MCH Nurse Doggedly Pursues her Research

Dr. Janet Rennick looks at psychological impact on children treated in intensive care units

By Lisa Dutton

Normally, Dr. Janet Rennick, an MCH nurse researcher applies a judicious amount of scientific rigour to everything she does. But alas, she let her heart not her head rule when it came to Chloe.  

Chloe is the latest edition to the busy Rennick household. She’s a lovable Portuguese Water Dog. Dr. Rennick didn’t do her research when choosing the family pet. Her brother has a very calm and laid back Portuguese Water Dog, so Dr. Rennick opted for the same breed. Alas, Chloe has slightly altered DNA. The 45-pound dog is filled with energy.

When asked what she does in her free time Dr. Rennick paused, considered, and said, “I don’t have a lot of free time. As a working mum, I try to spend as much time as possible with my kids.” And then there is Chloe!

When not taking care of her kids and the family pet, Dr. Rennick conducts research on the psychological impact of hospitalization on kids. She has been doing work in this area since 1991. She got the idea for this topic while working as a Staff Nurse, and later as a Clinical Nurse Specialist in the pediatric intensive care unit.Parents whose children were discharged from the ICU would call her and say their son or daughter suddenly was having problems sleeping, was afraid of the dark, was afraid of loud noises. All problems they didn’t have prior to being hospitalized. This triggered Dr. Rennick’s interest in the area.

She talked to her colleagues about it and some dismissed the parents’ observations noting that children in the ICU are too sedated to remember anything. But Dr. Rennick wasn’t convinced. She decided to make it the focus of her research.

In fact, she and her colleagues recently developed the Children’s Critical Illness Impact Scale. This 23-item questionnaire designed exclusively for children age six to 12 was designed to allow health care professionals to identify children who need psychological support as a result of their hospital stay. The Journal of Pediatric Critical Care Medicine recently published her research study.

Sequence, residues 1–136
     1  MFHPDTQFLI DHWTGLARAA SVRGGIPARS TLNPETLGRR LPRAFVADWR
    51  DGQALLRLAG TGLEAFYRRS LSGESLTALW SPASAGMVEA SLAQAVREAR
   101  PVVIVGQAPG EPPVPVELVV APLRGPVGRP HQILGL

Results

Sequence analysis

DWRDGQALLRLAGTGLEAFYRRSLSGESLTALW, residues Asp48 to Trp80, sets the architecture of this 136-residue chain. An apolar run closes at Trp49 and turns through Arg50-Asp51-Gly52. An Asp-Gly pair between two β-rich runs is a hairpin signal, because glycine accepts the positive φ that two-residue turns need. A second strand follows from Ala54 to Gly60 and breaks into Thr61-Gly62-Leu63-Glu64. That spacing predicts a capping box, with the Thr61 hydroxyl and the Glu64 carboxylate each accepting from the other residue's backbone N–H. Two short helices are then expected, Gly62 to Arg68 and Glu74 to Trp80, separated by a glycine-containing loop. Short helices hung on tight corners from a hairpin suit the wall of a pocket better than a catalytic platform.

Dr. Rennick takes pride in the advances she’s made in this field. “When parents see the work I’m doing and tell me it’s important, and that it fits with their own experiences – that I am identifying things they see in their child –  that’s the best kind of feedback.  Knowing my work can improve patient care - that I am making a difference…that’s important to me.”

When not immersed in her own research, Dr. Rennick is a mentor and consultant to nurses interested in conducting their own research.

She would like to see more MCH nurses doing research but admits it’s difficult. Nurses may get some time off from their clinical duties to get their research off the ground, but research can take a long time to complete and once a nurse returns to clinical care, he or she no longer has protected time for the research. As a result, the research can drag on for years. Despite this, Dr. Rennick wants to foster enthusiasm about nursing research. “I like to think there are things (treatments) we could be doing better. The challenge is to gather all of the evidence to influence the way nursing and medical care are provided.”

So she will continue to focus on the impact of time spent in the ICU on children in order to gather the evidence and eventually change, for the better, the way these kids are treated.